Over the past two years, in this age of Covid weariness, we can hardly turn around without hearing of how important it is to get more vitamin D into our bodies to strengthen our immune systems. Nowadays, studies have confirmed not only the importance of a certain level of vitamin D in our diets for greater immunity and to prevent rickets, but they have shown that people who obtain higher levels of D, and specifically D3, have a decreased risk of certain cancers such as colon cancer and prostate cancer, and we already know it helps prevent osteoporosis by increasing the absorption of calcium, magnesium, and phosphate into our bones.

Therefore, let’s all take this beneficial lesson from history and the crazy world of new diseases around us, and supplement ourselves with more Vitamin D!

Working on my health and praying for yours in these days,
Naomi Musch

By the way, Song for the Hunter is only ONE MONTH from release! If you didn't pre-order, there's still time! (Best deal right now is at Christian Book.) A great "take-me-away" read over your New Year's break!

Monday, November 22, 2021

Colonial History in the Caribbean: St. Croix Part 2 (an unexpected connection!)

 That time I got to take a trip I didn't know I needed, to a slightly obscure little island out on the Caribbean and toured a Danish colonial fort . . .

"What's your name, man?"

"Alexander Hamilton. My name is Alexander Hamilton! And there's a million things I haven't done, but just you wait--just you wait..."

 ( lyrics to the infamous song by Lin Manuel Miranda about the infamous Hamilton)

So yes, I rounded a corner at the fort and came face to face with these:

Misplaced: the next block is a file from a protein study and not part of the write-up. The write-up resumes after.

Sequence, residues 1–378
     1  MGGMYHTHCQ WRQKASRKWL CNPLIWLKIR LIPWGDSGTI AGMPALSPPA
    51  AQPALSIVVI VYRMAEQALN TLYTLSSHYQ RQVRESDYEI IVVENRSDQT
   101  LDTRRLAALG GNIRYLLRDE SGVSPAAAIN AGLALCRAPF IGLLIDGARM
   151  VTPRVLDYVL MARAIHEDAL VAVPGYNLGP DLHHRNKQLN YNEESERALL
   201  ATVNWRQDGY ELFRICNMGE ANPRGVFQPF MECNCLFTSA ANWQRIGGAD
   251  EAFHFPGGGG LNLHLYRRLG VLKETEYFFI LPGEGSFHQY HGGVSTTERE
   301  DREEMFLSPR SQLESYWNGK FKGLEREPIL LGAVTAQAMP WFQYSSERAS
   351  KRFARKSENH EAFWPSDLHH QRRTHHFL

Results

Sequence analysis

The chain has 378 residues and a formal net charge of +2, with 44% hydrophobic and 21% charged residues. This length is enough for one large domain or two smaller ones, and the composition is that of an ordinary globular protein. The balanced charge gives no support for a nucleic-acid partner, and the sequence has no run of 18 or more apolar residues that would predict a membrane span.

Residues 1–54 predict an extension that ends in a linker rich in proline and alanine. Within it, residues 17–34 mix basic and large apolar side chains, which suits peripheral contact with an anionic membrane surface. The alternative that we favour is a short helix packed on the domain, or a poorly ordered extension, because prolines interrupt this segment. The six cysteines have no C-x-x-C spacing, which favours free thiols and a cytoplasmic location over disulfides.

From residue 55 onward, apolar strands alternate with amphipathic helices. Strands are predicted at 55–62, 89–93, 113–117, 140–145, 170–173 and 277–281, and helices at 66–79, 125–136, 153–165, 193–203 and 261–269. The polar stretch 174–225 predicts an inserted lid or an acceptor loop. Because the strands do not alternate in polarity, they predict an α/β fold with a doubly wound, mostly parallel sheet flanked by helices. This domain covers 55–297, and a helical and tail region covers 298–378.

(You should be able to click on each photo and enlarge)

These four informational placards sketch out the story behind the story--of Hamilton's mother's early marriage, of her imprisonment right there in Fort Christiansvaern, and her relationship with Hamilton's father and return to St. Croix. The lyrics to the song "Alexander Hamilton" are actually pretty accurate. But something I caught from the display at the fort that the musical "Hamilton" doesn't really mention is the passionate faith young Alexander seemed to possess, heightened by the terrifying experience of living through a Category 5 hurricane there on St. Croix. (Lower sections of the fourth photo.) Can you imagine?

And this would not be the only unexpected connection with the American colonial era I would encounter on this beautiful island! Come back next month to read about the snippet of Lost Colony history I did not become aware of until later . . . 

Monday, November 15, 2021

Early American Woodworking

by Denise Weimer

During early Colonial times, American woodworkers relied heavily on British tools for their trade. While English woodworking items might be of superior manufacture, importing and distribution costs made them prohibitive for many.

As the colonies separated from England, Americans dedicated themselves more and more to making their own implements. Some, such as wooden squares, bevels, and gauges, proved easier to construct than others. Artisans also made their own vises, sawhorses, lathes, tool chests, and benches and called on blacksmiths for additional items. Plane-making surged in New England, saw-making both there and in Philadelphia, and the Kern family of the Shenandoah Valley, Virginia, grew a reputation for both tool-smithing and plane-making during the late eighteenth and early nineteenth centuries.